You might have heard the news last week that three teams have been disqualified from the 2012 CrossFit Games after testing positive during this years drug testing.
With the growth of the sport and the large purse on offer ($1 million), officials have stepped up testing this year, and the result? Three teams eliminated from this years Games!
CrossFit 808, CrossFit Wilmington and CrossFit Spokane Valley will not compete at the Home Depot Center next month after failing tests at the Regionals. Each team had an individual competitor test position to a banned substance, meaning the whole team was affected. Teams that finished fourth in each of their Regions will now be invited to the Games.
Earlier this week, Justin Bergh, General Manager of the CrossFit Games, had an exclusive interview with HQ about the drug testing debate, and said that considering all individual athletes have passed thus far, the results from this years CrossFit Games drug testing have been good.
“This is the first year than all of the individual athletes will take a test leading up to the Games, and so far all of them have passed and there have been been no failed tests at this time. The unfortunate thing is that not all teams fit into that boat.”
Bergh also defended the move to test athletes this year and was fairly pleased with the way athletes handled their eliminations.
“We make a bold claim here and that’s that the athletes and teams that win the CrossFit Games are the fittest on earth, and in order to back up that claim we have to make sure there’s a level playing field and part of that level playing field is making sure that athletes are tested and are not using any performance enhancing drugs to get them to that level,” he said.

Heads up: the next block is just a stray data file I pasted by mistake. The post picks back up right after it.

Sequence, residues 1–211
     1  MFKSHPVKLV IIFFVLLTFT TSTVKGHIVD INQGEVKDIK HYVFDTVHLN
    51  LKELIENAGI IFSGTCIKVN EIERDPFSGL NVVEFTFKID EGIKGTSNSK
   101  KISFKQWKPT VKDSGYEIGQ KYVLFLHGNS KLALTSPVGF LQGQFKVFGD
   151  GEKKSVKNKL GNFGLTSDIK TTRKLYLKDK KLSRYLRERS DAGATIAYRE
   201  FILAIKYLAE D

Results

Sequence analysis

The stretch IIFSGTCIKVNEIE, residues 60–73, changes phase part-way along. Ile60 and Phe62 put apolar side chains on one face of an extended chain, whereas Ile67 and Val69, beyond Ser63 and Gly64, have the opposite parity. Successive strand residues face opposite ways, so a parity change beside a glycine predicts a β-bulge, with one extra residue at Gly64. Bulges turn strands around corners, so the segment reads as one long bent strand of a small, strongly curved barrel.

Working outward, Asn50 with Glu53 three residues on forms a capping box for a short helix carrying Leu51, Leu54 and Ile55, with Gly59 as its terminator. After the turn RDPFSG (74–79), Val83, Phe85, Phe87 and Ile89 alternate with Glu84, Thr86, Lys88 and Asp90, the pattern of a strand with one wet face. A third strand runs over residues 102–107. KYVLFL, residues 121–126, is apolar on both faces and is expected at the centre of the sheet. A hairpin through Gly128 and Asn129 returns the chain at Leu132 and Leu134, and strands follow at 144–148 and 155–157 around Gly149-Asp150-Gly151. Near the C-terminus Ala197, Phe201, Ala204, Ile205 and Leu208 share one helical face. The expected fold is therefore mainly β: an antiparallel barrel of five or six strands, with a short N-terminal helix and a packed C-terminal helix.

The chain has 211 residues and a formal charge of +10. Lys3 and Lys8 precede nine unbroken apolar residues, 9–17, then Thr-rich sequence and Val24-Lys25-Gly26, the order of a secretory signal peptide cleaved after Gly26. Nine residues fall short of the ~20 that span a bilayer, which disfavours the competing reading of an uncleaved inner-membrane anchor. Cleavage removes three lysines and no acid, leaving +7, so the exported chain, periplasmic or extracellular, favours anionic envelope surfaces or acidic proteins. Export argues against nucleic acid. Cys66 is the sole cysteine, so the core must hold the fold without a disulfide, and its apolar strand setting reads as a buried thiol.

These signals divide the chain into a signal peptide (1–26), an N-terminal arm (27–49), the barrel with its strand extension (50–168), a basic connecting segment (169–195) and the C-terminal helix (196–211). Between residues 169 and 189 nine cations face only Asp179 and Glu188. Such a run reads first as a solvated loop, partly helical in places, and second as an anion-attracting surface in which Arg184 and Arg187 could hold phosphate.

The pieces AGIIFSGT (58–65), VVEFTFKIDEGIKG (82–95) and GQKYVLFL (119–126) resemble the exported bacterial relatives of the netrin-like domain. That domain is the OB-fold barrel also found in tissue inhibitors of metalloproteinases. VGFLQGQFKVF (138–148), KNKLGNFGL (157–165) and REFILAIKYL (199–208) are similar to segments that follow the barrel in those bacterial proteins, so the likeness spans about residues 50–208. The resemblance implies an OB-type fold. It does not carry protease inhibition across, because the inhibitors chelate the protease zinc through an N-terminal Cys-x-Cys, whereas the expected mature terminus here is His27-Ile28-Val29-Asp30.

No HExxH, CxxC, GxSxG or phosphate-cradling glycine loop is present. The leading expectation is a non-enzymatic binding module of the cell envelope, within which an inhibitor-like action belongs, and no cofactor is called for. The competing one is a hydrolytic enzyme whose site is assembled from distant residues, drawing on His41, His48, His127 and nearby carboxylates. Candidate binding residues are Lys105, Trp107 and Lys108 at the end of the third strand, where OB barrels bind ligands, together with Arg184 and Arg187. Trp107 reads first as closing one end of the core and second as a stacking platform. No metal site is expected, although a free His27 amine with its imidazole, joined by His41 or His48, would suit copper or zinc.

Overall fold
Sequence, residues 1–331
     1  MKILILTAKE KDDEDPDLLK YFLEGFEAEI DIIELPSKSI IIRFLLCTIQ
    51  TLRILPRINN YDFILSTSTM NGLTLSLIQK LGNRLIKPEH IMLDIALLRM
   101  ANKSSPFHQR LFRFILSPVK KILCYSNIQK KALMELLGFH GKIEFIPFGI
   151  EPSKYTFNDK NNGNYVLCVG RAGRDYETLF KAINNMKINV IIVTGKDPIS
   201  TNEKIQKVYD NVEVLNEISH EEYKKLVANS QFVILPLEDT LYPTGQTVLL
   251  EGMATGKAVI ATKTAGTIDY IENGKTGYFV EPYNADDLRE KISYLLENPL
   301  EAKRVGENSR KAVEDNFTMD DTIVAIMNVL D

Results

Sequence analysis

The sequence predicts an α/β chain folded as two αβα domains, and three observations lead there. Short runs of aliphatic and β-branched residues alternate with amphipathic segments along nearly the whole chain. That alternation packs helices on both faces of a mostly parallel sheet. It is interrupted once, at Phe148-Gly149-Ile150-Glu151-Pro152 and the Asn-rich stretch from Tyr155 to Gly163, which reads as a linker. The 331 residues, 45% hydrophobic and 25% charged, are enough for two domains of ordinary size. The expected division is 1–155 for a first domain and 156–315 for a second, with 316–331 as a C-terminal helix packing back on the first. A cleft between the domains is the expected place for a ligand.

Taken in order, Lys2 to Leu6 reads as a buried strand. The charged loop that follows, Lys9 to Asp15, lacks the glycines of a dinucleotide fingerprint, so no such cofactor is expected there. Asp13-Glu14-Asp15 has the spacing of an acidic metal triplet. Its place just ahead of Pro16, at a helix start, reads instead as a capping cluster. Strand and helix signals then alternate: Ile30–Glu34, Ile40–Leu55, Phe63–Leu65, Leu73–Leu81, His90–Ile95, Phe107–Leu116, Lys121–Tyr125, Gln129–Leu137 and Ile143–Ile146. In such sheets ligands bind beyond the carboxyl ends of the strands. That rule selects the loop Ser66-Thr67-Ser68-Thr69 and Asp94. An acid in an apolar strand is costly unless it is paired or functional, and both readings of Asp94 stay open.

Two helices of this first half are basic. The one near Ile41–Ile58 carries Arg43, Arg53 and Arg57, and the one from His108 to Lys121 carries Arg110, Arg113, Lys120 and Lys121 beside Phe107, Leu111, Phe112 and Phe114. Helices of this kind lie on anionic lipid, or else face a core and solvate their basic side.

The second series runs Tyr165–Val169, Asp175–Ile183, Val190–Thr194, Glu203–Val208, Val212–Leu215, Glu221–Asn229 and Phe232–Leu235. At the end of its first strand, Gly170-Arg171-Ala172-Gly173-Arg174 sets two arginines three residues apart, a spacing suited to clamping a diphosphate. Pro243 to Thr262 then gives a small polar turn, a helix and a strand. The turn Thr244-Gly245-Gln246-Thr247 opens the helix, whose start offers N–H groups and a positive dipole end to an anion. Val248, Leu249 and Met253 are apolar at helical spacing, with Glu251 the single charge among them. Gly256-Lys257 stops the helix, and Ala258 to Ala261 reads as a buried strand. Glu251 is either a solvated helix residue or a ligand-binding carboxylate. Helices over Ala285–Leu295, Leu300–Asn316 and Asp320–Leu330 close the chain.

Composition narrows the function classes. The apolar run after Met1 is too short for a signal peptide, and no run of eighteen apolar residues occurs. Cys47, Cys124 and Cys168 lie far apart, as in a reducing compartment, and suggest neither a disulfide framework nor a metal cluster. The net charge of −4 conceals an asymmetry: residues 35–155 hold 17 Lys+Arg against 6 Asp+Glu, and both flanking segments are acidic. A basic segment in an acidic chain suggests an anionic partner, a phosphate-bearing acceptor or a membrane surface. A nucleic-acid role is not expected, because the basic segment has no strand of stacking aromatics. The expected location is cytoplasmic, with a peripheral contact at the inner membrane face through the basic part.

“In all three counts the athletes stepped up and said ‘I acknowledge what happened’. It’s unfortunate for the teams who were affected, but they all took full accountability for it.”
While three team members did test positive to banned substances, Bergh said that there appears to be no worrying cases where an athlete was intentionally trying to cheat.
“The problem we have is athletes not understanding the policy and taking it seriously,” he said.
“In none of the cases we have seen have we looked at this and said this is an athlete trying to take a drug to improve their performance and cheat the system. In most of the cases it was the athletes not understanding what is bad and not doing the due diligence.”
With two weeks to go until the Games we can only hope no more athletes test positive to banned substances to ensure CrossFit maintains its clean and healthy reputation.